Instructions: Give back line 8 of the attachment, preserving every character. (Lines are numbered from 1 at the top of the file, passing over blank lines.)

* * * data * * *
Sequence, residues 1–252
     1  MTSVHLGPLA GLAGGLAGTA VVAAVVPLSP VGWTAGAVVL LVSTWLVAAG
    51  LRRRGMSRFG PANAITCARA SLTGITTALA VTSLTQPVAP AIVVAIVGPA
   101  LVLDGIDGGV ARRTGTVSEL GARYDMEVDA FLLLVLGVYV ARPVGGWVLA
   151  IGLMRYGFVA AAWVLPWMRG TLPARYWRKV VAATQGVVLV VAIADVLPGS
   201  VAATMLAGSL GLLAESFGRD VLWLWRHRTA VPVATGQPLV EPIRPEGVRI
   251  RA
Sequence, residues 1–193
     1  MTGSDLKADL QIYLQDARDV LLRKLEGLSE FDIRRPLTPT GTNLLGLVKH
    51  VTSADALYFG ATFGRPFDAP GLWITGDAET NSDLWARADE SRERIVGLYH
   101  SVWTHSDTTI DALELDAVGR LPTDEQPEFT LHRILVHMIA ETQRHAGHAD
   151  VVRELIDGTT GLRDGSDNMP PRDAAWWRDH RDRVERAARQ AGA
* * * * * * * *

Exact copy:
Sequence, residues 1–193